It must have been the easiest casting choice in the history of cinema. Director Michael Peterson was gathering the actors for his fantasy nerd comedy Lloyd the Conqueror, a look inside the world of LARPing (live action role playing), a phenomenon that could be described as “Dungeons and Dragons come to life.” He needed someone slightly older than his college-age protagonists to play a mentor of sorts, a legendary former champion of the LARP world—someone with a strong persona, excellent comic timing, someone who could be physically imposing while still having some nerd credibility.
Enter hulking nerd icon and comedian Brian Posehn.
“Yeah, it was a straight up offer,” Posehn says. “I didn’t even have to audition. And it was the biggest part I had ever been offered! My character is not the main character, but I’m the old wizard who helps the college kids get into the tournament and try to beat the guy who turns out to be my nemesis, played by Mike Smith from Trailer Park Boys. But I’m usually the guy who comes in and has one dumb line, and here I actually had all these speeches. I was really sweating it.”
Despite his intense involvement in several spheres of nerddom, Posehn actually had never been a LARPer, although he is an avid D&D player. “I’ve been in a regular D&D group for about 10 years now,” he says. “We stopped for a while when me and a couple of other guys got our wives pregnant at the same time. I don’t think that’s ever stopped a D&D group before. [Laughs.] But I didn’t have any real experience LARPing. That just seemed like a different level of nerdy. I mean, not that I’m any less nerdy about other things, but that was a place where I kind of drew a line.”
Nevertheless, it was important to Posehn to play Andy as a sympathetic and likable character, not as a cardboard cutout. “I kind of know this guy,” he admits, “so I wanted to play him real. The thing about a lot of these kinds of nerds is they don’t really have a good sense of humor about what they’re nerdy about. Unless they’re a Python nerd. The thing that they love, they’re really passionate about it. So that’s what I wanted to be sure I captured. This is his world; this is his life. He has this big obsession. I wanted to play this like a guy you know, that friend who you’re like, I love this guy but I can’t quite get on board with what he’s into. So you love him and you care about him, but you are kind of laughing at him, and with him, if that makes any sense.”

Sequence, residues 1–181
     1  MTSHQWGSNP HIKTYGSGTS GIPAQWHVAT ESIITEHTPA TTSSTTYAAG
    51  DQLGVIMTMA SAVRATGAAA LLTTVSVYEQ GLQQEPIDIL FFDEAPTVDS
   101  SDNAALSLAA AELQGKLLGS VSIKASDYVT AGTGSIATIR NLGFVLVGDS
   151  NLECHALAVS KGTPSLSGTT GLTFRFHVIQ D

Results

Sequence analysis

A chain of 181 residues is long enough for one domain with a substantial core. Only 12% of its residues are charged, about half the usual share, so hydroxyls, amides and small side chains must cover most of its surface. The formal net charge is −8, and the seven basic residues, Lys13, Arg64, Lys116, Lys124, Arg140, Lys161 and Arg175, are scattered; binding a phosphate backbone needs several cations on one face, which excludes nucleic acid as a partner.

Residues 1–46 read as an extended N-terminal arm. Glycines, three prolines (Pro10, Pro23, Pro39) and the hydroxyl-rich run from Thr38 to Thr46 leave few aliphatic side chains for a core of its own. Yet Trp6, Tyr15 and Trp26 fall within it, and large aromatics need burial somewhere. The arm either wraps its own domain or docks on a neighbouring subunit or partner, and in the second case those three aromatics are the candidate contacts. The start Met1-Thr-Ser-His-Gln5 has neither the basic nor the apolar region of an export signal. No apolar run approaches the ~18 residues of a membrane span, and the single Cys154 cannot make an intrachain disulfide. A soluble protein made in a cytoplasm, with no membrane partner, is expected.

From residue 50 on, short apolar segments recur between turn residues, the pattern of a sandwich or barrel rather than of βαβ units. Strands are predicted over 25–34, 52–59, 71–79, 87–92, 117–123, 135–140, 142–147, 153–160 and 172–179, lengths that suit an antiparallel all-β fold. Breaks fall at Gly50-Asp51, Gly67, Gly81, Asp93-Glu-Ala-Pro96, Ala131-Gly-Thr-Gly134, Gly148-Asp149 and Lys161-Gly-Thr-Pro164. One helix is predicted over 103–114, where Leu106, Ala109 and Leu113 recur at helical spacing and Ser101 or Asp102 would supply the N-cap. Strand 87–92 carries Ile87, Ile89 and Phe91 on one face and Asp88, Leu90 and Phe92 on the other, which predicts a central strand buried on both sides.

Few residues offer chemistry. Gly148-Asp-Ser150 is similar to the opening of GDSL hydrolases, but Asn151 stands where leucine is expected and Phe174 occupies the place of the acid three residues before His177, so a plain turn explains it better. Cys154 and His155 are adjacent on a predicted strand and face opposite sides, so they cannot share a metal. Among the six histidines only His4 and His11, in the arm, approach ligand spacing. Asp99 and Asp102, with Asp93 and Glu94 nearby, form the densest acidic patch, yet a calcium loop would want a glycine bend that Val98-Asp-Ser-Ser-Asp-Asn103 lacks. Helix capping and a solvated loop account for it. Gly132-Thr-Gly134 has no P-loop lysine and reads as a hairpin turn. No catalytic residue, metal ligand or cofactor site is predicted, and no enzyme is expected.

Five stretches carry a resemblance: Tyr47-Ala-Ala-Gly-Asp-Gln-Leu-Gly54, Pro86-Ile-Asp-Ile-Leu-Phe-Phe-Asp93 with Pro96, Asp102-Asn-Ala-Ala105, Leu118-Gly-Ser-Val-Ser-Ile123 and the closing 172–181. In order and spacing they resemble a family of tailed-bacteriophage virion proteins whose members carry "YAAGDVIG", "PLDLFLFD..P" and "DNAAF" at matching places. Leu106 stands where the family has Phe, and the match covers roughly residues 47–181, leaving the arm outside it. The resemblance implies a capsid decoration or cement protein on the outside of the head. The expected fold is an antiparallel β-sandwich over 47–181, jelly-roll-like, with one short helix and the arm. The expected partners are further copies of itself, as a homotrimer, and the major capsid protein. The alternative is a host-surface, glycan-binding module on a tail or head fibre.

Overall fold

Growing up in Sonoma, Calif., a large kid obsessed with Star Wars and heavy metal, Posehn experienced a lot of that “laughing at” phenomenon. Around senior year, though, the tone shifted to more of a “laughing with” situation. “At that point I wasn’t the new weird kid,” he remembers. “We had kind of grown up together, so I think people kind of eased up. And I think around then, that people figured out I had a sense of humor, whether I made them laugh in history class or working on the school paper. And by senior year I was also the school DJ, so I became more outgoing too. Then I wasn’t just the weirdo. Once they realized I was kind of funny, they still thought I was a weirdo at the end of the day, but certain people got on board through the humor.”
His DJ’ing partner was a most unlikely friend he made just before senior year. “I went to summer school between junior and senior year,” Posehn says, “and I made friends with the good-looking wrestler kid. He was one of the most popular kids at my school. And he was a key part in turning it around and saying, ‘Hey, leave Posehn alone. He’s a good guy, he’s a funny guy.’ He also beat up a stoner for me, after a stoner beat my ass in a parking lot at 7-11. It happened over the weekend, and I came back to school and told my friend John what had gone on, and he was like, ‘Well I’m going to find that dude.’ And he did. I didn’t see it happen, but the kid never touched me again.”